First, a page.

North Korea fired, Thursday, January 27, a “unidentified projectile” in the sea, Seoul said. It would be Pyongyang’s sixth weapons test this year.
“North Korea fired an unidentified projectile into the East Sea”, also known as the Sea of Japan, South Korea’s Joint Chiefs of Staff said.
The last time North Korea tested so many weapons in a month was in 2019, after negotiations between its leader, Kim Jong-un, and the then US president broke down. , Donald Trump. Since then, talks between the two countries have been at an impasse and the North Korean economy is struggling under the severe international sanctions and the border closures that Pyongyang has imposed to protect itself from the Covid-19 pandemic.
On Tuesday, Pyongyang had already carried out two cruise missile tests, according to Seoul, which does not fall under current United Nations (UN) sanctions. North Korea also said it tested hypersonic missiles on January 5 and 11 and ballistic missiles on January 14 and 17.
This series of tests prompted condemnation from the international community and a closed meeting of the UN Security Council. In response, the United States also imposed new sanctions, angering North Korea, which hinted last week that it could resume nuclear and long-range weapons testing.
Pyongyang has not tested intercontinental ballistic missiles or nuclear weapons since 2017 and has continued to observe a self-imposed moratorium even after dialogue with the United States ceased.
These trials come at a delicate time for the region: China, the only major ally of the North Korean regime, is hosting the Winter Olympics in February and South Korea is organizing its presidential election in March.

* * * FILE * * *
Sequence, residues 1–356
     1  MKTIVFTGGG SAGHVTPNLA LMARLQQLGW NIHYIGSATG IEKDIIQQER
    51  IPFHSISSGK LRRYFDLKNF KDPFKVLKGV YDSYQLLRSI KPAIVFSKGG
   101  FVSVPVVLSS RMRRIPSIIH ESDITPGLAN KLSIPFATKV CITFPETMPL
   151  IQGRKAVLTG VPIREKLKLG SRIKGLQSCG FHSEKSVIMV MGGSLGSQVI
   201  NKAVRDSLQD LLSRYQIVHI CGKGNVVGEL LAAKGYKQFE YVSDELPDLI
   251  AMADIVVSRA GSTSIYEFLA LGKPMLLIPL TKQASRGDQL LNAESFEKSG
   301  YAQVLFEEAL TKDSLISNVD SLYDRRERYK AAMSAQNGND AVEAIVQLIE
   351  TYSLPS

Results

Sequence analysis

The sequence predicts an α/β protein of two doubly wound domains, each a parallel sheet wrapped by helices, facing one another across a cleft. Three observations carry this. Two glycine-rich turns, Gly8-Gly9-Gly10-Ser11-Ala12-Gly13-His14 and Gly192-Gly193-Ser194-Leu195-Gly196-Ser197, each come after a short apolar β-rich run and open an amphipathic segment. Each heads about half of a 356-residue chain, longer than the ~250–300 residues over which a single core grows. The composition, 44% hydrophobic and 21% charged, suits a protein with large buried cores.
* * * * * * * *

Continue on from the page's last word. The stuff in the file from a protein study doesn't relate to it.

Kim Jong-un’s regime “develops an impressive diversity of offensive weapons despite limited resources and serious economic challenges”said Leif-Eric Easley, a professor at Ewha University in Seoul. “Some North Korean tests aim to develop new capabilities, in particular to evade anti-missile defenses, he added. Further launches aim to demonstrate the readiness and versatility of the missile forces that North Korea has already deployed.”.
After a decade in power, Kim Jong-un has little cause for celebration. International sanctions have brought North Korea’s economy to its knees, border closures have led to food shortages and talks with the United States have stalled.
These factors could explain why North Korea has carried out five weapons tests in the past three weeks, a spectacular display of the nuclear-armed nation’s military prowess ahead of important national anniversaries, several experts have said. to Agence France-Presse earlier this week.
The country is preparing to celebrate the 80e anniversary of the birth of Kim Jong-un’s father, the late leader Kim Jong-il, in February, then the 110e anniversary of the birth of Kim Il-sung, the country’s founder and first leader, in April.